Cole Kramer Hunts Killer Brown Bears on Kodiak Island
Day 1: Cole Kramer Recommends Using a .375 for Kodiak Island Brown Bears
Editor’s Note: Springtime has arrived on Kodiak Island in Alaska. The giant brown bears are coming out of hibernation and searching for food. Big-game hunters from all over the world are headed to Kodiak Island for their brown bear hunts of a lifetime. Often, hunters plan 1 – 3 years in advance to have an opportunity to take these majestic, dangerous bears. Cole Kramer lives and guides in Kodiak, Alaska. He's been guiding for brown bears for 13 years, and his hunters have taken more than 50 of these dangerous, giant bears.
For us to have a successful brown bear hunt, the weather has to cooperate, the hunter has to be patient, and he must have the right gear and the right weapon. For a successful hunt, all four of these ingredients are equally important.
Kodiak Island, where I hunt, homes a lot of thick brush. When hunters spot bears a mile or two away while glassing the landscape, many hunters want to immediately get up and go after that bear. The first problem this creates is that by the time you get to the area where you’ve spotted the bear, you may no longer be able to see him due to the really-thick brush. Also if the bear is on the move, you may not be able to catch up with him, especially if he's walking away from you. So, many times to take the bear, you have to sit still and continue to watch the bear until he beds down or wait to let the bear get to a location where you'll have a high-percentage shot.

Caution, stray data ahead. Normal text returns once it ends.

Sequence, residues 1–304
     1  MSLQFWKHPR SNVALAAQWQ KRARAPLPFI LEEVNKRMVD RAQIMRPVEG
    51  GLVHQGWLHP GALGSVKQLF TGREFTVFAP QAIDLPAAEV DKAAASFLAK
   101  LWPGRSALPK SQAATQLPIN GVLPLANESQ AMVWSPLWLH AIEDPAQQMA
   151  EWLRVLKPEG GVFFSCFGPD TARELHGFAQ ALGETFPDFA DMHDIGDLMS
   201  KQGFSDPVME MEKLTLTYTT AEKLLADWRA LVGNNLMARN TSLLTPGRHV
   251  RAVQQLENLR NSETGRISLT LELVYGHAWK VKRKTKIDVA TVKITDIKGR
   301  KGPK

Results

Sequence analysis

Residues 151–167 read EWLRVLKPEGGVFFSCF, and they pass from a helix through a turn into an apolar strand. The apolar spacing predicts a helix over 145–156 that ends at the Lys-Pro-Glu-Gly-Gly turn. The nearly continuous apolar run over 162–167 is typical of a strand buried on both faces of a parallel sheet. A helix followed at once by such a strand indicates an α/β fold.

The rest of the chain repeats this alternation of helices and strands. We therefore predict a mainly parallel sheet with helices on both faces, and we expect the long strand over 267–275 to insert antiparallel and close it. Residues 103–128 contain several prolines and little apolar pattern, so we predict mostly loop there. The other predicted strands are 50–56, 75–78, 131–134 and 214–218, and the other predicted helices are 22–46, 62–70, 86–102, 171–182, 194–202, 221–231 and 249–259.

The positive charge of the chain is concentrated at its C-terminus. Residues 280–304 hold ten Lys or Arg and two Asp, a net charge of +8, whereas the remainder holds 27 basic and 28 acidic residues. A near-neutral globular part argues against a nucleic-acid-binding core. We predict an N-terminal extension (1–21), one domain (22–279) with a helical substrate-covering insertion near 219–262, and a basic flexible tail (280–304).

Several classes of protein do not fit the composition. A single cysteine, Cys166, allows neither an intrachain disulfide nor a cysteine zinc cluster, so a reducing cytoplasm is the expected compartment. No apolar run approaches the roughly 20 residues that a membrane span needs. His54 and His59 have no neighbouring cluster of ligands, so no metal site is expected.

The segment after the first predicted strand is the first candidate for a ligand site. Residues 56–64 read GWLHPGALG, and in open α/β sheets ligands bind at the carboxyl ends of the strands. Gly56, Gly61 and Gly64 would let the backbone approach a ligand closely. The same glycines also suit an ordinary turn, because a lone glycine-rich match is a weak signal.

Our hunts last for 10 to 15 days, depending on the way the hunter wants to hunt and the type of weapon he’s using. Often, the first question I'm asked is, “What rifle should I bring to take a brown bear?” I always recommend a .375 - a knock-down, drag-him-out brown bear gun. I’ve had clients take brown bears with smaller calibers, and I've had several hunters harvest their bears with .300 Win Mags. However, in extreme situations, if you hit a bear that’s in the brush, if you have to go in after him, you need the horsepower of the .375. The .375 bullet won’t be deflected, if it hits some brush on the way to the bear. If a hunter has to shoot through a small tree or branch, this cartridge won’t fragment. It still will deliver that knock-down punch, if you’re in a hairy situation. When the .375 hits a bear – the bear doesn’t just feel a sting. He knows that something really bad has happened. Usually, this caliber will knock a bear off his feet, or it’ll make him change direction, because he’ll know he’s been hit. I like a 270 grain like a Barnes TSX Triple Shock X-Bullet (http://www.barnesbullets.com). I’d suggest getting the best bullet you can possibly buy for a .375 caliber. I have used 300 grain bullets. Both the 270 and 300 grains do a really good job of putting a brown bear down quickly.